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Conquest: Not Resignation

He, who has undertaken the sublime task of overcoming himself, does not resign himself to anything that is evil; he subjects himself only to that which is good. Resignation to evil is the lowest weakness; obedience to good is the highest power. To resign oneself to sin and sorrow, to ignorance and suffering, is to say in effect, "I give up; I am defeated; life is evil, and I submit." Such resignation to evil is the reverse of religion. It is a direct denial of good; it elevates evil to the position of supreme power in the universe. Such submission to evil shows itself in a selfish and sorrowful life; a life alike devoid of strength against temptation, and of that joy and calm which are the manifestation of a mind that is dominated by good.

Man is not framed for perpetual resignation and sorrow, but for final victory and joy. All the spiritual laws of the universe are with the good man, for good preserves and shields. There are no laws of evil. Its nature is destruction and desolation.

The conscious modification of the character away from evil and towards good, forms, at present, no part in the common course of education. Even our religious teachers have lost this knowledge and practice, and cannot, therefore, instruct concerning it. Moral growth is, so far, in the great mass of mankind, unconscious, and is brought about by the stress and struggle of life. The time will come, however, when the conscious formation of character will form an important part in the education of youth, and when no man will be able to fill the position of preacher unless he be a man of habitual self-control, unblemished integrity, and exalted purity, so as to be able to give sound instruction in the making of character, which will then be the main feature of religion.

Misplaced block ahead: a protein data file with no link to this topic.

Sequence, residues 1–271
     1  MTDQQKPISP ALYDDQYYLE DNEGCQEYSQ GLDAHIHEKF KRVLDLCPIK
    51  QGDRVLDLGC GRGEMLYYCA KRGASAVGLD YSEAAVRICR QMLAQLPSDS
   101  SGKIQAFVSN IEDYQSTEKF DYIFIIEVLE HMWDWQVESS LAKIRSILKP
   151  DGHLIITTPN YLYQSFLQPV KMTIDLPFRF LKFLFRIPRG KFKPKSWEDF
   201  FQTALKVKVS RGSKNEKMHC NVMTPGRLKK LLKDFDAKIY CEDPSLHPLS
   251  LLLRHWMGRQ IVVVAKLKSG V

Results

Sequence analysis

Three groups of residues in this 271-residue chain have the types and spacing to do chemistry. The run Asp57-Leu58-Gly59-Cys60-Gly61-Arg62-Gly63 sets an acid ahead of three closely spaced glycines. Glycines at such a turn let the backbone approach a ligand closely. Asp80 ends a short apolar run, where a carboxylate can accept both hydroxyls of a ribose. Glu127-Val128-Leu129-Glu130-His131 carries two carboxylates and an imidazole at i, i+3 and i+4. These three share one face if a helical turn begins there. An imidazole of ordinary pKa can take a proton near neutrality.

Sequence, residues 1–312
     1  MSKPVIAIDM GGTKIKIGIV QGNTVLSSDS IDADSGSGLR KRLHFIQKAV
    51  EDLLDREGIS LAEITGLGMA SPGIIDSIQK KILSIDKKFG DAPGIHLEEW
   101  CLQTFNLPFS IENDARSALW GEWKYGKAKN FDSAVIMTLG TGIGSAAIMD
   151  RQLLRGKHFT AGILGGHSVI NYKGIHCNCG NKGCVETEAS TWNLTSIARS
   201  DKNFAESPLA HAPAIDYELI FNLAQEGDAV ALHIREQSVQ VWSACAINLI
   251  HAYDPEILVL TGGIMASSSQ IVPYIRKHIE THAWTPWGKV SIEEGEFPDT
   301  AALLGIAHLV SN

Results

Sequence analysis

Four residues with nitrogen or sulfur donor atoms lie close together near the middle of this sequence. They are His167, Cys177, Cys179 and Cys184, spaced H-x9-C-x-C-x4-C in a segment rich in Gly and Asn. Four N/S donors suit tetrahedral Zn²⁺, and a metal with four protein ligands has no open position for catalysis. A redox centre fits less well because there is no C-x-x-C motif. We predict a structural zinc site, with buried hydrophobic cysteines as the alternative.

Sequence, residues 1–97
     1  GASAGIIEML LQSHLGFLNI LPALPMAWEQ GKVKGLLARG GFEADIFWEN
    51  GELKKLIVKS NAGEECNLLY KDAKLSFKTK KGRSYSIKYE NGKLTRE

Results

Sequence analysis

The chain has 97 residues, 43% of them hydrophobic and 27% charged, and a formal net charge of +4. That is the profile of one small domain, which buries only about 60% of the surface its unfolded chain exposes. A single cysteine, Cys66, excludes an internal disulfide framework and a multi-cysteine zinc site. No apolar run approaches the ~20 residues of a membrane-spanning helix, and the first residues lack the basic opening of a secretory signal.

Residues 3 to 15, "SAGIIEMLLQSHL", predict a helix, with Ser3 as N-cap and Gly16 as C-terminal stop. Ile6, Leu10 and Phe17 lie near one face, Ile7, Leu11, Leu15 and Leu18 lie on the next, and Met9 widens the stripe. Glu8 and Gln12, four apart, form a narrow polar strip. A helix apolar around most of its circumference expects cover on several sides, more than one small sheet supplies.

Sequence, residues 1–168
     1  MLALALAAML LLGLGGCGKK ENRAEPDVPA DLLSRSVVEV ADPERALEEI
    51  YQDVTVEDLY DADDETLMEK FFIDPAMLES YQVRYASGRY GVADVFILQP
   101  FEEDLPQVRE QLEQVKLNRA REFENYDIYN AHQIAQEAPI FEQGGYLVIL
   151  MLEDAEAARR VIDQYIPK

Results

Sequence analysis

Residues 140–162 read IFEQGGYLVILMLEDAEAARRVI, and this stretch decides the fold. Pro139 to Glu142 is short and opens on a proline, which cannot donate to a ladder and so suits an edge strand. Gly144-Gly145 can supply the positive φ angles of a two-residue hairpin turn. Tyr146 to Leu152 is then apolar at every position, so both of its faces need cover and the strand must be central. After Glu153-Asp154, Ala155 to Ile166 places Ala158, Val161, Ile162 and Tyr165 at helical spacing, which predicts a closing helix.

The doctrine herein set forth by the author is the doctrine of conquest over evil; the annihilation of sin; and necessarily the permanent establishment of man in the knowledge of good, and in the enjoyment of perpetual peace. This is the teaching of the Masters of religion in all ages. Howsoever it may have been disguised and distorted by the unenlightened, if is the doctrine of all the perfect ones that were, and will be the doctrine of all the perfect ones that are to come. It is the doctrine of Truth.

And the conquest is not of an evil without; not of evil men, or evil spirits, or evil things; but of the evil within; of evil thoughts, evil desires, evil deeds; for when every man has destroyed the evil within his own heart, to where in the whole vast universe will any one be able to point, and say, "There is evil?" In that great day when all men have become good within, all traces of evil will have vanished from the earth; sin and sorrow will be unknown; and there will be universal joy for evermore.

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James Allen

James Allen was a little-known philosophical writer and poet. He is best recognized for his book, As a Man Thinketh. Allen wrote about complex subjects such as faith, destiny, love, patience, and religion but had the unique ability of explaining these subjects clearly and in a way that is easy to understand. He often wrote about cause and effect, sowing and reaping, as well as overcoming sadness, sorrow, and grief. For more information on the life of James Allen, click here.

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